Posted in Being Your Best, tagged Excellence, The Challenge on October 26, 2010 |
This is another segment of my interview with Kyle from earlier this year. You might notice some commonalities between Kyle’s mindset and what other athletes have said previously on this blog. Bonnie Blair, for example, said that if she had an enemy at all in her sport it was the clock or perhaps herself, and Kyle’s perspective is very similar. Beckie Scott talked about the Norwegian cross-country skiing “system” and how she wasn’t intimidated by it and how she was going to do it her way regardless. Like Beckie, Kyle competed in a sport in which no Canadian had ever won an Olympic medal. If you agree that believing is a key aspect to success, these are two examples of athletes who weren’t exactly surrounded by Olympic success stories, and yet they knew it was possible.
What makes a great athlete? A great gymnast? Natural talent is a factor, no question. Coaching and support team are critical and even though Kyle won Olympic medals at the same club he joined as a kid, obviously they knew what they were doing. It also takes dedication, passion and the drive to do the necessary hard work. But more than that, it’s about believing and not being content sitting back in someone else’s shadow. Kyle says some very insightful things about how he related to and learned from some of the greats of his sport.
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Posted in The Big Picture, tagged perspective, Values on October 19, 2010 |
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Thanks to Eric for finding this great video of famed UCLA basketball coach John Wooden talking about his coaching (and life) philosophies. I’ve referred to Wooden many times in this blog and on Twitter because he typifies the ‘make a better person, get a better athlete’ philosophy of coaching. There’s a great deal of wisdom in this 17 minute clip and it’s all so simply put and perhaps that’s why it resonates so well.
What I enjoyed most from the video was Wooden’s answer to the question, “who was the best player you ever coached?” because it had very little to do with natural talent and it had everything to do with competing to the best of your ability. Have a look:
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Posted in The Big Picture, tagged perspective, The Challenge on October 14, 2010 |
There’s a part of Andre Agassi’s book Open that I read recently in which he talks about winning his first Major. Prior to that he had been in a number of finals without winning and had really taken a beating in the press for being too much about image and not having what it takes to be the best. When it finally happened for him, it seemed like the press did an abrupt about-face and instantly he could do no wrong in terms of what they wrote about him.
Knowing that nothing had really changed and he was the same person he was prior to winning a Major, and having everything seem so different in terms of how people related to him, the whole experience really opened his eyes.
“I’m supposed to be a different person now that I’ve won a slam. Everyone says so. After two years of calling me a fraud, a choke artist, a rebel without a cause, they lionize me. They declare that I’m a winner, a player of substance, the real deal. They say my victory at Wimbledon forces them to reassess me to reconsider who I really am.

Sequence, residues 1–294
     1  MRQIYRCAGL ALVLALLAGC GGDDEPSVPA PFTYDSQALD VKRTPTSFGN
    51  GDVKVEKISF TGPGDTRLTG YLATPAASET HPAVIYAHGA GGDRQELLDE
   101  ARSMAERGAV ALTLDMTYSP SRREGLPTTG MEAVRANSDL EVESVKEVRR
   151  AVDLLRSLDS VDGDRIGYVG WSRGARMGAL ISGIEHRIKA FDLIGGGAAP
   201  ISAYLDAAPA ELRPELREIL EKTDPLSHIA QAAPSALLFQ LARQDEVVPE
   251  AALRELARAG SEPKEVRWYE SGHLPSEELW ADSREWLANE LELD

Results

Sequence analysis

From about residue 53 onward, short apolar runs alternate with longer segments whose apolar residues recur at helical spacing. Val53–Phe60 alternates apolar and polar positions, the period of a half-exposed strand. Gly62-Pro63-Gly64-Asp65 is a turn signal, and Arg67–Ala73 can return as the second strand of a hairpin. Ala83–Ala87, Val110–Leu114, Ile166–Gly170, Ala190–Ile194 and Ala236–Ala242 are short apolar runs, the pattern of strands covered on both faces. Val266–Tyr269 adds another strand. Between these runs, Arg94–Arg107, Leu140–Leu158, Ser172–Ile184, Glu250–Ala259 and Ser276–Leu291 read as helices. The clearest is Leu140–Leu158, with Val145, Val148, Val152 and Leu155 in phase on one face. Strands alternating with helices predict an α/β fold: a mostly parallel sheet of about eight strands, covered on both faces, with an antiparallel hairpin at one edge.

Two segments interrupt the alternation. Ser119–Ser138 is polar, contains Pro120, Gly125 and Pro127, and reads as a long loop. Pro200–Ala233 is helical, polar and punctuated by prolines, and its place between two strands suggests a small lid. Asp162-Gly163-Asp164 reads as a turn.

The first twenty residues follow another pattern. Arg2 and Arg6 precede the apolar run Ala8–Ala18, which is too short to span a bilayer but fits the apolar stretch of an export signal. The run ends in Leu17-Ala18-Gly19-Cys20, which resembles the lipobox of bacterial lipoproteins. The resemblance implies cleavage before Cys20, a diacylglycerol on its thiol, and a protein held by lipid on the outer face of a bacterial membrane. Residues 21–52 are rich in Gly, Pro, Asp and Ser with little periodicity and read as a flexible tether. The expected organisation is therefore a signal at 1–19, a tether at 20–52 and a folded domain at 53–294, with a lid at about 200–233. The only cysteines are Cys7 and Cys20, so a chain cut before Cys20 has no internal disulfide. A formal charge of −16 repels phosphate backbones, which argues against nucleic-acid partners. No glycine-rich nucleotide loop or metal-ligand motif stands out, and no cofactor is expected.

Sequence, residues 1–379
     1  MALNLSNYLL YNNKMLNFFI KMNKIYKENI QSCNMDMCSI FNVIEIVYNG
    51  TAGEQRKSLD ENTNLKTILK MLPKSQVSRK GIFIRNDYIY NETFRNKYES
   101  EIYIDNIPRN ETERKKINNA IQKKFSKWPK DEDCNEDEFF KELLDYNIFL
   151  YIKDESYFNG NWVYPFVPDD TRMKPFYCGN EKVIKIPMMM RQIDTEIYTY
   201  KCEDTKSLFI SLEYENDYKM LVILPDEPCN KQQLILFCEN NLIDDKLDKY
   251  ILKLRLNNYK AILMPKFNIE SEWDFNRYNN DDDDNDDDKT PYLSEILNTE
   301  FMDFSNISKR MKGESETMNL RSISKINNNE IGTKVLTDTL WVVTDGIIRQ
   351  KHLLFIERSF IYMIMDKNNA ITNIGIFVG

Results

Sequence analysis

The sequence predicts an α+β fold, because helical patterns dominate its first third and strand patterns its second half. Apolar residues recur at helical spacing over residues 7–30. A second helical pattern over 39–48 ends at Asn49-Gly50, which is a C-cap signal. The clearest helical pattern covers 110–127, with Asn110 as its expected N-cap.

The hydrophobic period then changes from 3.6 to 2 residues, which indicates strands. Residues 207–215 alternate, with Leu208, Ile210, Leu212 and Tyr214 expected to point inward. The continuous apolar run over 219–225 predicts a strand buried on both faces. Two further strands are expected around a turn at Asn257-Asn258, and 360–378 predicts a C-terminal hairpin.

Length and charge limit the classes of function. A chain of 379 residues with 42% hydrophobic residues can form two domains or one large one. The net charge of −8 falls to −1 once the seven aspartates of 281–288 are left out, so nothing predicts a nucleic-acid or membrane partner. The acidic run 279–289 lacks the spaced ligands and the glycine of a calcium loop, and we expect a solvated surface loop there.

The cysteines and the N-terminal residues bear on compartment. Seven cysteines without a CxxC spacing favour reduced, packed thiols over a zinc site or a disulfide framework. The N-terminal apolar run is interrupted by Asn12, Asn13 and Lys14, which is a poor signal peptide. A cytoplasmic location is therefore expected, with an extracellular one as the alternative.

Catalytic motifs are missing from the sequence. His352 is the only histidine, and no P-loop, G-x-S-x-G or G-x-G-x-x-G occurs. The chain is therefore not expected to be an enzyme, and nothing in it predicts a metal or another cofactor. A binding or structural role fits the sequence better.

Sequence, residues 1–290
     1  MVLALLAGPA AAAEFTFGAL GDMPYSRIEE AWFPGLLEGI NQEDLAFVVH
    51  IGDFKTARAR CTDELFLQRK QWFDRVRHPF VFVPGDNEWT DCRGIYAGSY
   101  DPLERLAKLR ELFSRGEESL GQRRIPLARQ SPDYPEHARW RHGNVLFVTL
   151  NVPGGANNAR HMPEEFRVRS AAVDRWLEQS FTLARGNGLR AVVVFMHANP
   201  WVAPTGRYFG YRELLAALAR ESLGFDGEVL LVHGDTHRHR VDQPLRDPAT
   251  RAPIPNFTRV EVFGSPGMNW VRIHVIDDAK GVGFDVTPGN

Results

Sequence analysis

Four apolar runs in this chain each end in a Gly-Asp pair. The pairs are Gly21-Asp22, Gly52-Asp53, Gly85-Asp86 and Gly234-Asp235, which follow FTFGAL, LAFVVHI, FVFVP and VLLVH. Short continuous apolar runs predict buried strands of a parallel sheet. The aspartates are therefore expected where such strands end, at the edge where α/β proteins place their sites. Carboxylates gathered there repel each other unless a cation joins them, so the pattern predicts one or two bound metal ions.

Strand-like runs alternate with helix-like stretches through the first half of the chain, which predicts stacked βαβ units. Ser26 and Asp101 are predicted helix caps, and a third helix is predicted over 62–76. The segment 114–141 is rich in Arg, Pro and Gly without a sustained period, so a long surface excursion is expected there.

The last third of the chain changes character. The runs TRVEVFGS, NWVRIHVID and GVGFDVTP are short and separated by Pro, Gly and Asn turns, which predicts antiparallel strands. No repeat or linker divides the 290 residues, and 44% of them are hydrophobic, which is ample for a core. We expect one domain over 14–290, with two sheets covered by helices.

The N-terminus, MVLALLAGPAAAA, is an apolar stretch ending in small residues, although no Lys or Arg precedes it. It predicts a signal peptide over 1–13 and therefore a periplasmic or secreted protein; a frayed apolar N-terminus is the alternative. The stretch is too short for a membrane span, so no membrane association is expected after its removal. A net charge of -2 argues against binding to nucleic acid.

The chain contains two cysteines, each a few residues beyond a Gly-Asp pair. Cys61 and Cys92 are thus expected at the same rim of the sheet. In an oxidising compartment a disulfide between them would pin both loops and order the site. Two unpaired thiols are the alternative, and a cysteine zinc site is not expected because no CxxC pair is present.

“But I don’t feel that Wimbledon has changed me. I feel, in fact, as if I’ve been let in on a dirty little secret: winning changes nothing.”
Imagine what that would be like. You wake up one day and everyone treats you differently. Better, in fact, and you’re exactly the same person. The only thing that Agassi did differently was score a few more points because it was his opponent that made the mistakes at the wrong times. Knowing that it could have gone either way when he won and when he lost and having everyone act like he was a different person gave him a really interesting and unique perspective about winning and losing.
He goes on to say that he felt bad after losing, a lot longer than he felt good after winning. It’s almost as if winning isn’t all it’s cracked up to be. Because it’s something that athletes dream about their whole lives, it’s very difficult for the experience, if it does come at all, to live up to what you dreamed it would be. That’s why I believe that at the highest level, very successful athletes are more about the challenge than the actual victory. In other words, the greatest fulfillment comes from the journey rather than the destination. So strive for the top, absolutely. Dream about it, do what it takes, work hard on improving mentally and physically but also realize that trying to improve and trying to be the best is every bit as important and enjoyable as it is getting there.
Dream about it, do what it takes, work hard on improving mentally and physically but also realize that trying to improve and trying to be the best is every bit as important and enjoyable as it is getting there.
And check out Open whether you’re a tennis fan or not. It’s a great read.
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Don Meyer may ultimately be remembered as the winningest coach in American college basketball history but I get the feeling this is only a trivial statistic for those who know him. The wins are merely a reflection of how dedicated he is to his profession, to the concept of team and to the young men he coaches. The following is a video of Don Meyer’s acceptance speech for the 2009 Jimmy V award at the ESPY’s. This is an incredibly inspiring story of a man who considers his greatest achievement that in all his years of coaching all but one of his players graduated from college.
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